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Gene Therapy Approach "Trains" Immune System

Study in Laboratory Rats Supports Future Translation to Human Trial

A new gene therapy approach that attracts and "trains" immune system cells to destroy deadly brain cancer cells also provides long-term immunity, produces no significant adverse effects and -- in the process of destroying the tumor -- promotes the return of normal brain function and behavioral skills, according to a study conducted by researchers at Cedars-Sinai's Board of Governors Gene Therapeutics Research Institute.

The study was conducted in a recently developed laboratory rat model of glioblastoma multiforme (GBM) that closely simulates outcomes in humans and supports the translation of this procedure to human clinical trials later this year. Results of the study are described in the Feb. 19 issue of Molecular Therapy, the journal of the American Society for Gene Therapy.

"These findings appear to be a significant milestone in creating an effective treatment for glioblastoma multiforme," said Maria Castro, Ph.D., co-director of the Board of Governors Gene Therapeutic Research Institute and principal investigator of the study. "This therapy significantly improved survival rate, induced long-lasting systemic anti-tumor immunity, and resolved the neuropathological abnormalities caused by the tumors, which has been a stumbling block to many promising treatments."

Humans with GBM often suffer behavioral abnormalities that affect concentration, memory and balance. In the animal studies, rats exhibited abnormal rotational movements. The research team found that as the tumors grew, they displaced and compressed nerve terminals and impulse-conducting axons. But long-term survivors who had received the gene therapy did not have long-term injury or behavioral impairment resulting from the tumor or the treatment.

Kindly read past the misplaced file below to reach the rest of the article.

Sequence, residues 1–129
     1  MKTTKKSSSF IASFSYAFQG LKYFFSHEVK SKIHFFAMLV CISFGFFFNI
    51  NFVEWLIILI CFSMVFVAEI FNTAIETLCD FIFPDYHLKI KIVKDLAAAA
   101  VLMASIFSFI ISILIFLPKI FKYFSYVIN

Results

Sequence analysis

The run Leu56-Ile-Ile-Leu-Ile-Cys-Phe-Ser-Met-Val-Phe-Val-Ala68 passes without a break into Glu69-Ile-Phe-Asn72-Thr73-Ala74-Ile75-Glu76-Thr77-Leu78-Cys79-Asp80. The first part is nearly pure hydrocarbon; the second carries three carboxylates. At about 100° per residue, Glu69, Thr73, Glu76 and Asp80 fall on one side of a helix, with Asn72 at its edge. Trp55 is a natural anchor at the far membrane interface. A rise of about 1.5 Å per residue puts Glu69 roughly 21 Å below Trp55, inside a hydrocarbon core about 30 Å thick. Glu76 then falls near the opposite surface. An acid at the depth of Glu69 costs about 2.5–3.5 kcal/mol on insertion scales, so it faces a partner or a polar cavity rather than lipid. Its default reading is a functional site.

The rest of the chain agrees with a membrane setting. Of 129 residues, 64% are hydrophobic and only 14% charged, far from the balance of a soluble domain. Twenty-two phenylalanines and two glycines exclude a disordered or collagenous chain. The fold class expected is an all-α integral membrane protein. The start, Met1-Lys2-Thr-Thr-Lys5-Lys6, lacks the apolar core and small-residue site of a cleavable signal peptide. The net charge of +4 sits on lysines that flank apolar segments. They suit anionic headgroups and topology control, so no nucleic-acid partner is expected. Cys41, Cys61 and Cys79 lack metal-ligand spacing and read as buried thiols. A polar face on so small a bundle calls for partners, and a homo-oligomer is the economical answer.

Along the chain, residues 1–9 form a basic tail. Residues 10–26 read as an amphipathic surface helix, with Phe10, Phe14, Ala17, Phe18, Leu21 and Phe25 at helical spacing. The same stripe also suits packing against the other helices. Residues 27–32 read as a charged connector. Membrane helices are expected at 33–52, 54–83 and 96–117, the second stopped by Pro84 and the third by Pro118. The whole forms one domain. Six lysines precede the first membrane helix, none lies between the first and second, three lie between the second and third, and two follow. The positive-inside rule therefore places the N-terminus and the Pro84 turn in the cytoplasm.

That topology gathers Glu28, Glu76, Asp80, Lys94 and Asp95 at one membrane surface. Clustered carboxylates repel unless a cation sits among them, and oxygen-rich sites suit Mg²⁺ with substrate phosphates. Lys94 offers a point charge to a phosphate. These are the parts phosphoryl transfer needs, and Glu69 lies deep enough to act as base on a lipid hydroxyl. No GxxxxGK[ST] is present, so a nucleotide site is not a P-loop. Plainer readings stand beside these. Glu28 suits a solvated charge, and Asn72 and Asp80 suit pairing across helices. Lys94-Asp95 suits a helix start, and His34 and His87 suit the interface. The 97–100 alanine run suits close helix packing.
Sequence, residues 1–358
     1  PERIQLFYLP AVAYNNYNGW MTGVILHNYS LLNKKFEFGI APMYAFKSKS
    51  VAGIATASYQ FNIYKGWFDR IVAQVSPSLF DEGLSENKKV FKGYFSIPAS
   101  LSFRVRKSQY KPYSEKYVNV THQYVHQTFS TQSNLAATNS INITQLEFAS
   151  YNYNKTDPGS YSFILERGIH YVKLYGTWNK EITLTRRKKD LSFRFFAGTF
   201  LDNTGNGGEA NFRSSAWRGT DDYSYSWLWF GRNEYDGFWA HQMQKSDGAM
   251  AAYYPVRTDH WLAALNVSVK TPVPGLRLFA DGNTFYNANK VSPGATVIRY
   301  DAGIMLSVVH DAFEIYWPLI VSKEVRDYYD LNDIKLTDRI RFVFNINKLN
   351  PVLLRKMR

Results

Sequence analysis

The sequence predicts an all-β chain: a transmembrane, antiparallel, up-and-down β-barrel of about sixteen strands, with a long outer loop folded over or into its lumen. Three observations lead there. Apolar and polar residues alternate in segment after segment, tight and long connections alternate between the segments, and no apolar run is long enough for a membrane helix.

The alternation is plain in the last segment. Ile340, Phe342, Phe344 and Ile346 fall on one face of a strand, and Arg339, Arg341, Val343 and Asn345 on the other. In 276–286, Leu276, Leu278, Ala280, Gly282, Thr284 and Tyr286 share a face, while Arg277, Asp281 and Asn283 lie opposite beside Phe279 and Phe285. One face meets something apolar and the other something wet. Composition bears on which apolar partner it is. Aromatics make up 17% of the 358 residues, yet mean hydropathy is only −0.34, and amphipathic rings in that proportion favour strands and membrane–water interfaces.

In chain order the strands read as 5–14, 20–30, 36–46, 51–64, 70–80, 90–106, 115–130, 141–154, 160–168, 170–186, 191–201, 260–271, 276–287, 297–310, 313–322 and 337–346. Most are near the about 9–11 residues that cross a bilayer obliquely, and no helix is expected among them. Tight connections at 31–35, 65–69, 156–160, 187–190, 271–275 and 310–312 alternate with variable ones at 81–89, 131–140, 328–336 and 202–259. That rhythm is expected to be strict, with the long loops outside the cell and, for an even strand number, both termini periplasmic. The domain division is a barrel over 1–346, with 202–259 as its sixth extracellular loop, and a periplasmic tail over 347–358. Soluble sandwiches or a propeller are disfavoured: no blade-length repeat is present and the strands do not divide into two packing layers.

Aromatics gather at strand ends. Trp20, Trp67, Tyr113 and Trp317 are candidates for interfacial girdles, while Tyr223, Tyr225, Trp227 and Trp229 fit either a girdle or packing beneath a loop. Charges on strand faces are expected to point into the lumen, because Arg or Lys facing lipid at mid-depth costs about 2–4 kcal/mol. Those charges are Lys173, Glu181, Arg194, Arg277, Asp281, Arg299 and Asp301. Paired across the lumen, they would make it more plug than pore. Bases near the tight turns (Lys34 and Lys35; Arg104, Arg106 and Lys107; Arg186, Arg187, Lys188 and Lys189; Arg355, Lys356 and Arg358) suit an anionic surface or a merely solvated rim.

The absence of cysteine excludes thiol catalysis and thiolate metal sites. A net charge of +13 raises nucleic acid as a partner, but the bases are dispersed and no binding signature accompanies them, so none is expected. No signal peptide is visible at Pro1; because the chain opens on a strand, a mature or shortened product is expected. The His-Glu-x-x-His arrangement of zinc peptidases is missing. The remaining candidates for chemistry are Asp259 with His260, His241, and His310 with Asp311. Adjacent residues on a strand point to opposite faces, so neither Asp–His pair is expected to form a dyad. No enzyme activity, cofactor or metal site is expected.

"Tumor growth causes behavioral deficits, but even treatments, such as chemotherapy and radiation therapy, can cause learning disabilities and other cognitive problems. In our animal study, this therapy eliminated the tumor mass and reversed the deficits that were caused by the tumor," said Pedro Lowenstein, M.D., Ph.D., co-principal investigator on the study; principal investigator in the proposed phase I clinical trial and director of the Board of Governors Gene Therapeutics Research Institute.

Glioblastoma multiforme is the most common and deadly type of brain cancer, and is extremely difficult to treat.

In the gene therapy approach developed at Cedars-Sinai, researchers used a virus stripped of its disease-causing genes as a vehicle to deliver two therapeutic proteins directly into the tumor cells. One protein, FMS like tyrosine kinase 3 ligand (Flt3L), drew dendritic cells into the brain. Another protein, herpes simplex virus type 1 thimidine kinase (HSV1-TK), combined with the antiviral gancyclovir (GCV), killed tumor cells.

"In the fairly near future, this combined gene therapy may work synergistically with current therapies, including surgery, chemotherapy and radiation therapy allowing doctors to increase long term survival while and avoiding serious side effects," Dr. Castro said. "But with the safety, effectiveness and curative potential seen in these studies, we are hopeful that gene therapy for GBM could become the new standard of care."